Adhesive Choice for Gluing Up a Curved Handrail
Rigid glues with a reasonable open time are the best option. October 2, 2007
What type of glue should I use to laminate bendable handrail? I don't think I'll have enough time with yellow glue.
From contributor H:
You do have enough time with yellow glue. You need to be prepared and have enough extra hands around. Pre-bend the rail dry and let it set for a day. Then take it down and glue it up. It will be easier to put back because it has been already stressed in that direction. You can also get yellow glue with extended open time. But I have found that that extended open time isn't all that much extended. One problem a lot of guys have had with gluing rail is they don't put enough glue on. They don't like cleaning up the excess.
Better to clean and scrape the excess than to have a problem. If there is time enough to do it twice... there is time enough to do it right.
From contributor B:
Many use plastic resin glue for laminating because there is less glue "creep" than when using yellow glues.
From contributor A:
When I have to glue a rail like this, we clean a spot on the floor and lay out all the strips, pour the glue into a roller tray and apply the glue with a paint roller. Flip all the strips but the first and last and do the other side. Stack all the strips and get all the extra hands that you can to clamp the rail. Get it clamped up as fast as you can and then you will have plenty of time to reposition clamps and clean up.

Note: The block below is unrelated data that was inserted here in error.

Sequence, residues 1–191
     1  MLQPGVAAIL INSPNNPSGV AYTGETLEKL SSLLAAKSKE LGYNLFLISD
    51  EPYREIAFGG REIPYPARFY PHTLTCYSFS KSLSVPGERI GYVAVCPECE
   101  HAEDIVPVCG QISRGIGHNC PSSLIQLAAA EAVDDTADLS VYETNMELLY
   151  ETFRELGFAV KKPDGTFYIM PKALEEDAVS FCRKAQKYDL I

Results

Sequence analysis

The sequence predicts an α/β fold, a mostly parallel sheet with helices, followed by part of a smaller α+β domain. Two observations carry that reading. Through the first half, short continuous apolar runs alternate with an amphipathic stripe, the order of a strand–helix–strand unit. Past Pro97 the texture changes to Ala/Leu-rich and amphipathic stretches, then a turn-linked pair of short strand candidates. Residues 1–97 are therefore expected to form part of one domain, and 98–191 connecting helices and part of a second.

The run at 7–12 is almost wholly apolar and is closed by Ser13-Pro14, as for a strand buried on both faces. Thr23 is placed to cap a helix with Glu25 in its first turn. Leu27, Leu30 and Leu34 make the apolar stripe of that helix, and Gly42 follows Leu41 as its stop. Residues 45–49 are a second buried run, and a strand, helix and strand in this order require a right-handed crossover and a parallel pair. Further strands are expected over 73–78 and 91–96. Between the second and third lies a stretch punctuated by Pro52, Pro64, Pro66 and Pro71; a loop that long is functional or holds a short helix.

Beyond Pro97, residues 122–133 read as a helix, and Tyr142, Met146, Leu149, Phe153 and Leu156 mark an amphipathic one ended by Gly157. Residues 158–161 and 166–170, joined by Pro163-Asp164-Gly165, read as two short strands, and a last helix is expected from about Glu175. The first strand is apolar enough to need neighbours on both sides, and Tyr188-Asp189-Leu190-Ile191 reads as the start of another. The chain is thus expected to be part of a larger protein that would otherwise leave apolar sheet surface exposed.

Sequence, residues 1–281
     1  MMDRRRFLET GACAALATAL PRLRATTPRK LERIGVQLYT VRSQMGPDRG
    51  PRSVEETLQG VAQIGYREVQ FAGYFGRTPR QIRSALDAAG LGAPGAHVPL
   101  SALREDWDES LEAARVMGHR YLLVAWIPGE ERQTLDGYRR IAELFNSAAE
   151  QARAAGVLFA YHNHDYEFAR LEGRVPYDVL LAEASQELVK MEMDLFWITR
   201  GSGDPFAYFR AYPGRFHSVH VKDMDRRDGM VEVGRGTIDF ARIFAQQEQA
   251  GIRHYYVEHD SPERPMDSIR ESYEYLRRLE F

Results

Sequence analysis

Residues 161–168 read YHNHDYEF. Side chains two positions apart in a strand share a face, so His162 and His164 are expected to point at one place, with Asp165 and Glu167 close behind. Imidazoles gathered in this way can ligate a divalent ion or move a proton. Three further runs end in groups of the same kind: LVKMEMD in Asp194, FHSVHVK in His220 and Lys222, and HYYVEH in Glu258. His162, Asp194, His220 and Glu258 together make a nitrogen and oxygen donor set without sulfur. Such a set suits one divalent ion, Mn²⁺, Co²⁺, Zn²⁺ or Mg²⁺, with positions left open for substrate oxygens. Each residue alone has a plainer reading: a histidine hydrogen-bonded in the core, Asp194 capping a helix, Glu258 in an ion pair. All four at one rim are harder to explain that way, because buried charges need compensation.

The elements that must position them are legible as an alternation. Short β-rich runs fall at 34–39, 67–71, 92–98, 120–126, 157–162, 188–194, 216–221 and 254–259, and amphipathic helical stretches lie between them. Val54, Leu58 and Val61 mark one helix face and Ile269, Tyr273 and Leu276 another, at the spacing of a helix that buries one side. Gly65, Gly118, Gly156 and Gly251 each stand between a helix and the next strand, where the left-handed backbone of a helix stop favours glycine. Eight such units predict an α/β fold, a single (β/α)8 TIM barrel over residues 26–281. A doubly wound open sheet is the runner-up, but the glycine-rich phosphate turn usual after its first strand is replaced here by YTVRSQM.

From contributor S:
I wouldn't recommend using yellow glue for this application. Yellow glue is a semi-rigid glue, meaning that when you remove the clamps, the glue will shift slightly and your joints will creep and your radius won't hold its true form. Using a rigid glue will reduce the spring back of the rail and will hold the radius much closer to what you are bending it to. I use National Casein powdered resin glue. It comes in powder form and it is mixed with water. You have about an hour clamping time and it takes about 8 hours at 70 degrees to cure. Mix what you will use because what you mix will get hard. National Casein is in N.J.
From contributor C:
I wouldn't recommend yellow glue either. West Systems Epoxy is the best product I have found. It is incredibly strong, forms a rigid glue time and has plenty of open time.
From contributor A:
I had read somewhere that some type of additive helps reduce creep or stabilizes the glue joint when it is under great stress, such as when gluing up tight radius hand rails. I am referring to when you use West System epoxy. I have had great results with this type of glue for over fifteen years and have never had any issues of failure. I am hoping to learn something new. I can see where an additive might cause an abrasive action and inhibit glued parts from sliding from each other. I have also heard that a few grains of coarse sand will inhibit movement of yellow glued components.